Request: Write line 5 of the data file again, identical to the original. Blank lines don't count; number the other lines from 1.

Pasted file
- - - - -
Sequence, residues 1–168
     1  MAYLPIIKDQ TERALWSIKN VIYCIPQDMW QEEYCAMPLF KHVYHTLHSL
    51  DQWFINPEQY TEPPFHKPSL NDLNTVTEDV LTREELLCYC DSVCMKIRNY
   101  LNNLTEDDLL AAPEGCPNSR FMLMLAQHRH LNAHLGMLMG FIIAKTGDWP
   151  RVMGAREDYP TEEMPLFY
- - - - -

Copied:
   151  RVMGAREDYP TEEMPLFY